‘A man hit by vicissitudes’: A Laodicean (1881)

  • Richard H. Taylor


‘There is mercy in trouble coming in battalions,’ wrote Hardy in autumn 1880, ‘They neutralize each other. Tell a man that he must suffer the amputation of a limb, and it is a horror to him; but tell him this the minute after he has been reduced to beggary, and his only son has died: it hurts him but feebly.’ (L, 147) Hardy was seeking comfort in his present accumulation of troubles: the apprehensions in his note of November 1878 (quoted at the beginning of Chapter 5) had by now been realised in a situation which he could not have foreseen. The adversity under which Hardy was now forced to work had taken the unexpected form of a severe and painful illness, from which there was a possibility that he might not recover. Its onset had been sudden. After a week’s visit to Cambridge Hardy and Emma returned to London on 23 October 1880, the day on which The Trumpet-Major appeared in three volumes, and already Hardy felt unwell. A serious internal haemorrhage was diagnosed, and he was offered the choice of a dangerous operation or a prolonged period of prostration ‘on an inclined plane with the lower part of his body higher than his head’ (L, 145). Hardy chose the latter, remaining in bed from October until the following April.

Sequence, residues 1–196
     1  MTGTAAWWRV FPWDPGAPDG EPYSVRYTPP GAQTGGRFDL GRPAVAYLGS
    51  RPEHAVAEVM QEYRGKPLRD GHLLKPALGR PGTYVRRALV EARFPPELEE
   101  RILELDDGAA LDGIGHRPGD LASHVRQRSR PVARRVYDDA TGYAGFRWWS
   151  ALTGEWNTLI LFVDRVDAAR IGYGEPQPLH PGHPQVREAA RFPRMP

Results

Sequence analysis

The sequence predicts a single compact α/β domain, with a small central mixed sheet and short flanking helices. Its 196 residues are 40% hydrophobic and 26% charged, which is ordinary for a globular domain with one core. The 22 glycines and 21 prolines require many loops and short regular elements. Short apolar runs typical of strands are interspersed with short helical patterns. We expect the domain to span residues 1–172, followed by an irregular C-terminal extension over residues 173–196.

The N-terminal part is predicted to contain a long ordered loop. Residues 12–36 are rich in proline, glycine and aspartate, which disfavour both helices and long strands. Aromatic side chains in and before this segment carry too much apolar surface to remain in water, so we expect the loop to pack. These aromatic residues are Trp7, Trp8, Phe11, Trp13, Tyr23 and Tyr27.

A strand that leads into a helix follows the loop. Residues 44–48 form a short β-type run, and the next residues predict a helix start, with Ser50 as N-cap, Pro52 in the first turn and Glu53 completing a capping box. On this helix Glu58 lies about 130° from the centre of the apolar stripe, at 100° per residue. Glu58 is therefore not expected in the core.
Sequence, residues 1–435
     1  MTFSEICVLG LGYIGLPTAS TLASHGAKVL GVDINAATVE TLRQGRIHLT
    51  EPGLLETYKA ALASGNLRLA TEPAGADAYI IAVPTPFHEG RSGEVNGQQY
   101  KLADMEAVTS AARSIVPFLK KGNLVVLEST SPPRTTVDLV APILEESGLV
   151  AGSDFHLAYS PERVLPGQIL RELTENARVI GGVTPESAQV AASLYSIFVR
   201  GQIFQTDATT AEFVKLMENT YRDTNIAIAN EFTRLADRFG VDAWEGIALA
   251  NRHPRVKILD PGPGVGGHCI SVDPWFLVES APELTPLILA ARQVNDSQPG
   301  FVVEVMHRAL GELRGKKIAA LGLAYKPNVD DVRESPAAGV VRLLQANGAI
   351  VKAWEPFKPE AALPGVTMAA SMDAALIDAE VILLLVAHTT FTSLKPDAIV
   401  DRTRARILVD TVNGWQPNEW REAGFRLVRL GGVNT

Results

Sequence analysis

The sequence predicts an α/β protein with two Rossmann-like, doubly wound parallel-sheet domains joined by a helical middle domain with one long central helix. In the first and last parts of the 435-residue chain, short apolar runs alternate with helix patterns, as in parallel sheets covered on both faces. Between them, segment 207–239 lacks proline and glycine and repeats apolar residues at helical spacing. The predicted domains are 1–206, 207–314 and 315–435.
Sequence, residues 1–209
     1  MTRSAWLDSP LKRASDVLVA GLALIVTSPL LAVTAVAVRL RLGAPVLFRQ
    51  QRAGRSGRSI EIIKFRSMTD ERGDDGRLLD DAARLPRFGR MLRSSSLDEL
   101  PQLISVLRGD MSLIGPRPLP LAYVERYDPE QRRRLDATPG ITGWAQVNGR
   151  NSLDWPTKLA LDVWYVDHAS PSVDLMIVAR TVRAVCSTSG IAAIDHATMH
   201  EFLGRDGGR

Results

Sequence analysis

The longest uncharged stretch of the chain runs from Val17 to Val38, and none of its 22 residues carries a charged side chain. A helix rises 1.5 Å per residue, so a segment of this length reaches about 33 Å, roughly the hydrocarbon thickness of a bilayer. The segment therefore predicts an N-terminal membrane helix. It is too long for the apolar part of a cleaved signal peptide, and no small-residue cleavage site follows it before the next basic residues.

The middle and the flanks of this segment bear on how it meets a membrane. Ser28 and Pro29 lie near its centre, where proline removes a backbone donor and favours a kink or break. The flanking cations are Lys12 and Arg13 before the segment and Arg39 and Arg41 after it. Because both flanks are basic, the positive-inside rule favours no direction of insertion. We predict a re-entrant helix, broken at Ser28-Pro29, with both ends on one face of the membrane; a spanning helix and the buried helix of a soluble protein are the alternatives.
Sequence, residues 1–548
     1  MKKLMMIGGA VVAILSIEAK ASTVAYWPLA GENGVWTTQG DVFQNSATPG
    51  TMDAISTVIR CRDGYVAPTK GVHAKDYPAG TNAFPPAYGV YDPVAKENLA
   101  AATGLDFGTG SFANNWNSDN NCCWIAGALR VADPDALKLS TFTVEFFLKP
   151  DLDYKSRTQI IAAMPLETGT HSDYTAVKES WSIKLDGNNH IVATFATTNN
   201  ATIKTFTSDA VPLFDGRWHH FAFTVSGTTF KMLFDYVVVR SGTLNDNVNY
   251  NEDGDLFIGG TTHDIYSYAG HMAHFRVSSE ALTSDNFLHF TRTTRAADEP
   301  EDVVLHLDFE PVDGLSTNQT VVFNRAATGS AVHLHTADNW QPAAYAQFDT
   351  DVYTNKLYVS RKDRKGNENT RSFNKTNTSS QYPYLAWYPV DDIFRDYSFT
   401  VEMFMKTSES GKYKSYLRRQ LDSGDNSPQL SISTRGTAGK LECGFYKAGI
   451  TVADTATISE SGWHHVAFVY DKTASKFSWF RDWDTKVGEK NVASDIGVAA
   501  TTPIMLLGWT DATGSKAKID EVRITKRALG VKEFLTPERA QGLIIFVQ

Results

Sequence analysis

Psychic Life Notebook Entry European Tour Stoical Philosophy Chronological Setting 
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  1. 17.
    J.I.M. Stewart, Thomas Hardy: A Critical Biography (London, 1971) p. 154.Google Scholar
  2. 24.
    David J. DeLaura, in ‘“The Ache of Modernism” in Hardy’s Later Novels’, Journal of English Literary History, XXXIV (Sep 1967) 380–99, gives an account of Hardy’s intellectual response to the modern condition in the later novels.CrossRefGoogle Scholar

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© Richard H. Taylor 1982

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  • Richard H. Taylor

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